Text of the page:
He said the real representation of public opinion has been from those who have attended the meetings on their own to question the toll hike plan and from the angry emails being sent to legislators.
“It?s obvious the governor is reaching out to his supporters and encouraging them to attend these town hall meetings in hopes he will be able to give the illusion that the public in general is backing his monster driving tax,” said Merkt, R-Morris. “What this state needs and what taxpayers deserve is an honest debate, not a stage show.”
Unlike Corzine, who claims his office has not been inundated with complaints about his proposal, Merkt said he has received a number of emails from constituents who are up in arms about the planned increase in tolls and borrowing.
“The emails I am receiving about this not only lack the ‘polite civility’ of the first two town meetings, they are absolutely venomous,” exclaimed Merkt. “Mr. Corzine is packing these meetings just like he packs the Assembly gallery for his State-of-the-State message. His supporters are there to clap and cheer for the governor.”
Merkt challenged the governor to come clean and tell the public how many supporters his office contacted urging their attendance at his meetings. “There is more to this than we know,” he said. “Our residents deserve much better than a dog and pony show, especially on an issue that has such grave and far reaching consequences for our state and its taxpayers.”
Assembly Republican Whip Jon Bramnick said New Jerseyans should be “severely concerned” about statement’s made by Corzine at Saturday?s town meeting in Livingston. The governor told the audience that he doesn?t disagree “in concept” with the idea of placing new tolls on highways that are currently toll-free.
“Governor Corzine says that in ‘concept’ he may support the idea of adding toll plazas to new roads, but I think it is bad public policy,” said Bramnick, R-Union, Morris, Somerset and Essex. “New Jersey is overtaxed and our business climate is suffering and adding to that burden by placing additional tolls on our highways will not help.”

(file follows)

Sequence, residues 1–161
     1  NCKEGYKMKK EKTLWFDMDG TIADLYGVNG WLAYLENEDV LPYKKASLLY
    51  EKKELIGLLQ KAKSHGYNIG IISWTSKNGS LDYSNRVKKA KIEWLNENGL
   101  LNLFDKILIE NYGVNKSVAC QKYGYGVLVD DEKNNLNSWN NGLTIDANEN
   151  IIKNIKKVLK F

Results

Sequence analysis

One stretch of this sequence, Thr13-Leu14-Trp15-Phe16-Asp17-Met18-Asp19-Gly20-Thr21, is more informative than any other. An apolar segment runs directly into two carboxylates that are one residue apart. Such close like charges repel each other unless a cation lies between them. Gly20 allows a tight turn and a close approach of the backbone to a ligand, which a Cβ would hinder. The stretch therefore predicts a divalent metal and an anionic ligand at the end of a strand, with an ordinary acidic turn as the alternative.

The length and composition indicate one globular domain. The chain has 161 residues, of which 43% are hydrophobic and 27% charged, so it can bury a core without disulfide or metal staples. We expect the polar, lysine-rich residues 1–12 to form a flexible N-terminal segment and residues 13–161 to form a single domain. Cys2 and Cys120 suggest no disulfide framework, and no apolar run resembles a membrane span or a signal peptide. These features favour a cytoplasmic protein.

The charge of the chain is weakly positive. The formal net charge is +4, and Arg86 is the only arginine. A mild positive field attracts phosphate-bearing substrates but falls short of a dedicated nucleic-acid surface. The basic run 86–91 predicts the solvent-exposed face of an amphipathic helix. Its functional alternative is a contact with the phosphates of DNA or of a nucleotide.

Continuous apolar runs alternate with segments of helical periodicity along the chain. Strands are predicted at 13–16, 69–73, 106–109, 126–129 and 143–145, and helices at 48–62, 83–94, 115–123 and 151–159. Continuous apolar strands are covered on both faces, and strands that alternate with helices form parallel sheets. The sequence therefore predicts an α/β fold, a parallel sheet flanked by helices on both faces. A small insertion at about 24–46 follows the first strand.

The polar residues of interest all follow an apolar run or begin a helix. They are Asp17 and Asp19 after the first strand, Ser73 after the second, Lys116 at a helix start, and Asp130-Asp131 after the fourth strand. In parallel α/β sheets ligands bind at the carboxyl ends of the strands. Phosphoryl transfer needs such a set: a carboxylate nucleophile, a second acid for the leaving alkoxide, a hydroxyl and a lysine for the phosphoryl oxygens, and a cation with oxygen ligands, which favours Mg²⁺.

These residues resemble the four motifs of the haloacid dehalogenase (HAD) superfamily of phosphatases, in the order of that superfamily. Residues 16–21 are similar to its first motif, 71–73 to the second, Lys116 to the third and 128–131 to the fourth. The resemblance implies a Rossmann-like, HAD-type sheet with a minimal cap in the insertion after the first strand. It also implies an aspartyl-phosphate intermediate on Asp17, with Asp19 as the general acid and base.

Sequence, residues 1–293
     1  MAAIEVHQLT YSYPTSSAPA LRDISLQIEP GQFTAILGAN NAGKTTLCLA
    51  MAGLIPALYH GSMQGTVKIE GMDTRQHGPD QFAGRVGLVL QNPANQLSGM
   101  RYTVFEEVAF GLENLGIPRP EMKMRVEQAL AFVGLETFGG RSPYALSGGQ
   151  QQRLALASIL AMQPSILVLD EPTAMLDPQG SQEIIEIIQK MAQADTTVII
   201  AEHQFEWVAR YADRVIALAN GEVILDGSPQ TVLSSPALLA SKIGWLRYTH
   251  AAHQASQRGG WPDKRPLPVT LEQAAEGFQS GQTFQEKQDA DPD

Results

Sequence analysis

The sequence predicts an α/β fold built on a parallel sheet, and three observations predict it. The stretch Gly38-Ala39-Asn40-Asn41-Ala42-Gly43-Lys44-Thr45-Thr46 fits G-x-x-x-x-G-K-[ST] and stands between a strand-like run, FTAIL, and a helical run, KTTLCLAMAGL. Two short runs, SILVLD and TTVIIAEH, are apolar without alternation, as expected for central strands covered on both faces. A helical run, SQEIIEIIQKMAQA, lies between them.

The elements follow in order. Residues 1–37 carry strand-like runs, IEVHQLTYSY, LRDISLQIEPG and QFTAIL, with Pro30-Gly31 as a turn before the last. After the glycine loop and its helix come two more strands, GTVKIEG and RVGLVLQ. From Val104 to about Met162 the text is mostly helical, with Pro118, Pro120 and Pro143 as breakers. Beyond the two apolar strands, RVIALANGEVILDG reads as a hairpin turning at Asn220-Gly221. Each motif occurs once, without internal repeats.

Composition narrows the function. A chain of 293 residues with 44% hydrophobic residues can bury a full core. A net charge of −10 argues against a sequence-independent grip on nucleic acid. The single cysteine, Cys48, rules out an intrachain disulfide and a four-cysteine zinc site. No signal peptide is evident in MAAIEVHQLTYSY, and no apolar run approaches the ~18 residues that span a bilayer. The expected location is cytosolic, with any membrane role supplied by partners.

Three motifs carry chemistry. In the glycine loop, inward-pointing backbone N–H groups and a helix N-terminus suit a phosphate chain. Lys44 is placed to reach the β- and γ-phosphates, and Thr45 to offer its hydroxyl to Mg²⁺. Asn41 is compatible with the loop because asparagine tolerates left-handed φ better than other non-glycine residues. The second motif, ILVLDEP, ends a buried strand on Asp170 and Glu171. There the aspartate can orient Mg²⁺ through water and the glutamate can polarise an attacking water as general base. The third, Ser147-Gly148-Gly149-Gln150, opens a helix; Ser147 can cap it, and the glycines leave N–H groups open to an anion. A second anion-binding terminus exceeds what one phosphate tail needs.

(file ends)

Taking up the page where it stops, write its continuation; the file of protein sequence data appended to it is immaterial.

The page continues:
According to The Star-Ledger, Corzine told the crowd: “In concept I don?t disagree with it. And there are some places where we could look for chokepoints where there is heavy use of our infrastructure that we might be able to put tolls on.?
“The impact of these toll hikes, and the potential further impact of adding new tolls, would be widespread and devastating for our economy,” Bramnick said. “It will hurt our business environment, which is already rated among the worst in the nation, and it will be one more step toward New Jersey being unaffordable for middle class families.”
Bramnick said the increase in tolls on the New Jersey Turnpike, Garden State Parkway and Atlantic City Expressway will affect even those who don?t routinely use the roads. Guaranteed annual toll increases over decades will force more traffic onto local roads and increase the costs of transporting consumer goods.
Added DeCroce, “Corzine?s shell game is not selling well with the taxpayers because they know the way out of our fiscal problems is to reduce spending, not incur more debt. The governor?s scheme will not ‘Save Our State’ (SOS) as he claims. It will ‘Sink Our State’ by placing it further down the road to economic ruin.”
Maximum proposed toll increases ? Source: The Record ? January 9, 2008 (allows for an annual 3 percent inflation increase)
New Jersey Turnpike ? end to end ? cash
Current – $6.45 2010 – $10.25 2022 – $44.10
New Jersey Turnprike ? end to end ? EZ Pass (offpeak)
Current – $4.85 2010 – $7.70 2022 – $33.20
Garden State Parkway ? end to end
Current – $7.00 2010 – $11.15 2022 – $47.90